I never thought I would write this: I want to go to Hartlepool.
For anyone reading this who is not familiar with that name, Hartlepool is a town on the north-east coast of England. It lies a few miles to the north of the mouth of the River Tees and its history has to do with shipping and heavy industry. Since the decline of most of its industrial base it has tried to redefine itself as a heritage based, tourist destination: mostly.
I say ‘mostly’ because Hartlepool has become more known around the world in recent years as a result of a clash between those seeking to regenerate it as a shipping-related industrial area and those who opposed this regeneration because it was based on offering ship-breaking services to the US government.
I’m writing about this because I came across a programme on BBC Radio4 called In Living Memory looking at the history of the efforts of a company called Able UK to take on a contract for the scrapping of redundant US navy ships.
Initial objections to the contract were led by Friends of the Earth (FoE) but when four ships arrived at Able UK’s Hartlepool facility, that group decided that the least environmentally damaging solution would be for those shipped to be scrapped there whilst resisting the arrival of a further nine ships under the original contract. In total, the US Navy had nearly 200 ships to be scrapped and Able UK saw the initial contract for thirteen ships as a proving exercise before bidding for further work.
Local objectors disagreed with FoE’s assessment and a group called ‘Friends of Hartlepool’ took over the lead role in objecting to everything Able UK sought to do. Long legal battles ensued before Able UK was granted the planning permission it needs to build a dry dock for the dismantling work and Hartlepool Council was ordered to pay Able UK’s substantial costs as well as its own legal costs.
The story is not over and, just recently, the council turned down a planning application related to a landfill site owned by a subsidiary of Able UK against the advice of its planning officers. It was going against its officers the last time that proved so expensive for the council and could do again.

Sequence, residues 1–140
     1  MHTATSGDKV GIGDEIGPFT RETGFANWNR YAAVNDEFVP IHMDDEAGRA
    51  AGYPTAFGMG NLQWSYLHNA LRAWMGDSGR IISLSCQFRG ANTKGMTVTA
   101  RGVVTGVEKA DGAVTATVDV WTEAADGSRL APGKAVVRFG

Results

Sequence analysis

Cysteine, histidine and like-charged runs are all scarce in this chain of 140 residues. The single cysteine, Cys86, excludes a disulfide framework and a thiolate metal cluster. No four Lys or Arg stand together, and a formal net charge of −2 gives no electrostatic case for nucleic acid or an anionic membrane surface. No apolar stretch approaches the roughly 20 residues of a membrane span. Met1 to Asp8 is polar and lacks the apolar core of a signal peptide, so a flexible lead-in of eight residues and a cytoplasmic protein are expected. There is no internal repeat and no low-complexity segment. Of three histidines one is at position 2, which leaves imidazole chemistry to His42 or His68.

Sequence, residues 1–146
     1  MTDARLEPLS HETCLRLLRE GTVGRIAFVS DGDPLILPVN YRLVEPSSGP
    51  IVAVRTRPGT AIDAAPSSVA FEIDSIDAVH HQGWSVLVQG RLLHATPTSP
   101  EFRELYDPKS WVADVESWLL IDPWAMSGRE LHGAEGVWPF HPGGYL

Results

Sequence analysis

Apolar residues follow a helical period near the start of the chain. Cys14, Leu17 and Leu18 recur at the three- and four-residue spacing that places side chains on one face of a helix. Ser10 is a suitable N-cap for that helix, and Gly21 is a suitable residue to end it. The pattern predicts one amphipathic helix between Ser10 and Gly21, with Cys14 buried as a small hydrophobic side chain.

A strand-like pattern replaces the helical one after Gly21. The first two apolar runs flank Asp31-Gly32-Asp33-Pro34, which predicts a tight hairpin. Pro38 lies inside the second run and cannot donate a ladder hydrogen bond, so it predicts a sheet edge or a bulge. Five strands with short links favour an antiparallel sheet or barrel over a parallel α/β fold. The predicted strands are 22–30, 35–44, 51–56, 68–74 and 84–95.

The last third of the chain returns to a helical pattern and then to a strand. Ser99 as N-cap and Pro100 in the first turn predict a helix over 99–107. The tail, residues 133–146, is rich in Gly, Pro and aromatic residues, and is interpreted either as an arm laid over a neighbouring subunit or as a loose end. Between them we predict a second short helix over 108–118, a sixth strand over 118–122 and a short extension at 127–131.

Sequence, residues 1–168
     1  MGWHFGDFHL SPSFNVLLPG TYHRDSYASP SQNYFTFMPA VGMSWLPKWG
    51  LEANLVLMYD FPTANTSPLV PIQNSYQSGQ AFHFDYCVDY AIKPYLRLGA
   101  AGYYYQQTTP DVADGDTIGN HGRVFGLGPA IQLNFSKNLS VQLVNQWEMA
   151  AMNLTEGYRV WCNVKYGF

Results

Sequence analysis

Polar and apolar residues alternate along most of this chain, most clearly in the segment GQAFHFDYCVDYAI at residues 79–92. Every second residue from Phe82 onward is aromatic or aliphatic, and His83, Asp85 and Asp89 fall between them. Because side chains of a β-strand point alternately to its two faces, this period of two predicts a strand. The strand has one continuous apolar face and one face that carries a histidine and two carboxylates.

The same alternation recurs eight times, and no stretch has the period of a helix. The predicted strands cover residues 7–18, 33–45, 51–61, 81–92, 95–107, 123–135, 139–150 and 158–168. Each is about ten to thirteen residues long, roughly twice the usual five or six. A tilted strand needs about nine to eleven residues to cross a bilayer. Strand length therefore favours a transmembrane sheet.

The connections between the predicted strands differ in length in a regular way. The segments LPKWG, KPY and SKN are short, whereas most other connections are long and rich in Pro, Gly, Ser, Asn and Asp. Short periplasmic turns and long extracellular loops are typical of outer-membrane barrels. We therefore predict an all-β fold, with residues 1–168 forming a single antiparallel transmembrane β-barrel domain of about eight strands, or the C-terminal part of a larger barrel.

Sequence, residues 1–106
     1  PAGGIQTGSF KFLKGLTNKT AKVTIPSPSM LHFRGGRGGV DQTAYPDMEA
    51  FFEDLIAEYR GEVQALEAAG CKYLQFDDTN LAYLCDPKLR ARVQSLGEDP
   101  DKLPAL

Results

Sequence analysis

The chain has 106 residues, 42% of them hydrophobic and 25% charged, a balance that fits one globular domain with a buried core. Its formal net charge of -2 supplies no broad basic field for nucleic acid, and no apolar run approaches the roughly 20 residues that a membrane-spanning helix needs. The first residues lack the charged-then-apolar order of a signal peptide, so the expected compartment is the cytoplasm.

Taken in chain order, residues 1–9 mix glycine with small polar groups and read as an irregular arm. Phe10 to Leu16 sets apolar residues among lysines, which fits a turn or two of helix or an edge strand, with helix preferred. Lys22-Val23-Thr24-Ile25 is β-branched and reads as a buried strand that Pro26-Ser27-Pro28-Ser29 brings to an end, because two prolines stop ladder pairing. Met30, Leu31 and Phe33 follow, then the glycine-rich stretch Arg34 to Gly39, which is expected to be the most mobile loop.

The problem for the protestors is that they have put forward assertions about the environmental impact of the work that could not be supported by evidence. They claim that Hartlepool has the highest cancer rate in the UK whereas that dubious honour is held by Manchester and they have based much of their objection on what happened to workers exposed to asbestos in the days before the risks were understood and procedures for safely handling the substance were developed.
But, I’m not writing this to go over every detail of this issue. There were two things that interested me about the radio programme because they struck at my concerns about the misinformation people believe and how they cling to that misinformation.
The first was the quote from one of the protesters used to end the programme. This gentleman accepted that the protesters might be wrong about the environmental impact of Able UK’s activities but said that didn’t matter. If there were enough people who believed the project would cause harm it shouldn’t matter if they were wrong. That struck me as remarkable. I can understand people believing in wrong information if they haven’t understood the correct information (and I’m making a general point here not taking a position on Able UK’s activities) but it seems bizarre to claim that even if you were to accept that you were wrong you would still be right.
It was the second thing that struck me most. A woman, described as one of the leaders of the protesters was speaking about the landfill site that is used for disposing of the non-recyclable waste (including asbestos) from the ships. She said that there could be any number of poisons in the landfill. “It’s all in there. Any kind of poison. Could be ricin. Could be any mortal thing that we don’t know about. And we’re ingesting that and that’s why this town has the worst cancer rates in the country.”
And that’s why I want to go to Hartlepool. Though Google’s Streetview suggests the town uses mostly hanging baskets for its summer foliage and colour rather than ground level boxes or beds, I’d be very surprised if I couldn’t find Ricinus communis, castor oil plant, the source of ricin, growing in public as it does in most of the towns and cities in the UK.
It seems that this woman thinks ‘ricin’ is just a synonym for ‘poison’. She is, of course, completely wrong but, as her fellow protester said, that doesn’t matter. As long as enough people are wrong that makes them right.
I might want to visit Hartlepool but I certainly wouldn’t want to live there.
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